An Innovative Yeshiva Opens in Twin Cities


An Innovative Yeshiva Opens in Twin Cities

by Rivka Chaya Berman - Cottage Grove, MN

August 27, 2006

Wrapping tefillin on strangers at the airport, climbing into cherry pickers to scale jumbo menorahs, Chabad’s creative zeal for returning Jews to the fold is legend. Now, with the new Yeshiva High School of the Twin Cities being readied to open after Labor Day in Cottage Grove, MN, Chabad is adding a new wrinkle to keep observant teenagers in touch with their Chassidic upbringing.

Chabad’s phenomenal growth over the past six decades brought exponentially greater numbers of pupils to Lubavitch yeshivas to pore over ancient texts. Traditionally, succeeding in the atmosphere of a large yeshiva requires an aptitude for the parley and thrust of rabbinical thought and the ability to stay put and focused, mastering the texts, over long hours. Chabad’s array of diverse outlets – canvassing streets for Jews distant from their heritage, organizing camps, traveling the world as lamplighters for Jewish teachings – engage most young Chabad Chassidim: brainiacs, Mr. Fixits, social butterflies, and big men on campus alike.

But there are those “need a little bit extra,” said principal of the new high school Rabbi Chayim Friedman. “Too many of them believe if they can’t learn Gemorah it is a measure of their own value.” He and his brother Rabbi Mordechai Friedman along with Rabbi Yosef Eizicovics, respectively the director and administrator of the high school, tweaked the traditional yeshiva format to reinforce the students’ resolve before the bough breaks. “Our intention is to make yeshiva more about living like a mensch than getting A’s on report cards,” said Rabbi Mordechai Friedman.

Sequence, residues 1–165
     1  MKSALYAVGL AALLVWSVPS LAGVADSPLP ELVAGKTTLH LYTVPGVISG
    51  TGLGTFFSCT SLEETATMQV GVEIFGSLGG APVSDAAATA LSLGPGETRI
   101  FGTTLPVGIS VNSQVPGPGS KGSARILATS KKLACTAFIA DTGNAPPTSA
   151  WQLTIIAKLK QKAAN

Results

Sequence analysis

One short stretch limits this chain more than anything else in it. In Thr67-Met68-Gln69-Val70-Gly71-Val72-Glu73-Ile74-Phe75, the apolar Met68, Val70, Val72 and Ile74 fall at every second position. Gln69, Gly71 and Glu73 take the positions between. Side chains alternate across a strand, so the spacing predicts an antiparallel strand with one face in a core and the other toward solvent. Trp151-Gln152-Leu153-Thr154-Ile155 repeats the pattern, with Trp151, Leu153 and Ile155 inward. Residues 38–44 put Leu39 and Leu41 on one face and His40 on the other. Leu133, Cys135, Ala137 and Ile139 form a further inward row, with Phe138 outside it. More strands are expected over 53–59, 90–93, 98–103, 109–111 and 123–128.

Yeshiva High School of the Twin Cities, located about 25 miles from the Jewish community in S. Paul, is distinguished by its core student-centric philosophy. “The focus is on making the yeshiva fit the students, not the other way around,” said Rabbi Eizicovics. Shorter class periods – several sessions 45-minutes a piece instead of one chunk several hours long – are one. Inclusion of secular studies by correspondence courses is another. Students will also be actively involved in choosing among Jewish studies electives, and evening lessons in computer graphics, martial arts, and, possibly, culinary arts will allow the young men, 14-17, freedom to explore their interests within a yeshiva environment. Yeshiva High School, under the auspices of Chabad of Minnesota’s senior representative Rabbi Moshe Feller, different, but not dumbed down, said Rabbi Chayim Friedman. “Although the pace is different, the expectations are the same.”

Innovative program options are not for innovation’s sake. They’re ways for students who’ve struggled to taste success. “When good things happen to the boys, it builds their self-image,” said Rabbi Chayim Friedman, explaining his view that a good self-image is like equity, personal capital. “As soon they feel they have enough capital to get involved, to spend on yeshiva studies, they will.”

There’s room for 30 students, and half the spots are filled. The boys are an international crew: English, Canadian, Israeli and American. Yoni Eizicovics of Toronto, Rabbi Eizicovics’s younger brother, will be among them. Their mother, Sorel, said family ties helped but were not the main reason she thought the Cottage Grove school was a good fit for her son. “The Friedman brothers have wonderful personalities, an understanding of the needs of yeshiva boys today, a wonderful sense of humor,” said Eizicovics, a mother of nine. “They recognized what is going on in the world today and led the way for positive change. It is everything I have always wanted for my son in a yeshiva.”

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